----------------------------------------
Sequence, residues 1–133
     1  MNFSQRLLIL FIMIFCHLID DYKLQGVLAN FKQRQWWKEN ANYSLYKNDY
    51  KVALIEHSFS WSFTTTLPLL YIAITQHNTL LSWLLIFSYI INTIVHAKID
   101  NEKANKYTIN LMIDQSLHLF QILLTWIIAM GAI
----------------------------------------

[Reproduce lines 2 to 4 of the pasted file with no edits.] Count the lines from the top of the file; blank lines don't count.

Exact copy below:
     1  MNFSQRLLIL FIMIFCHLID DYKLQGVLAN FKQRQWWKEN ANYSLYKNDY
    51  KVALIEHSFS WSFTTTLPLL YIAITQHNTL LSWLLIFSYI INTIVHAKID
   101  NEKANKYTIN LMIDQSLHLF QILLTWIIAM GAI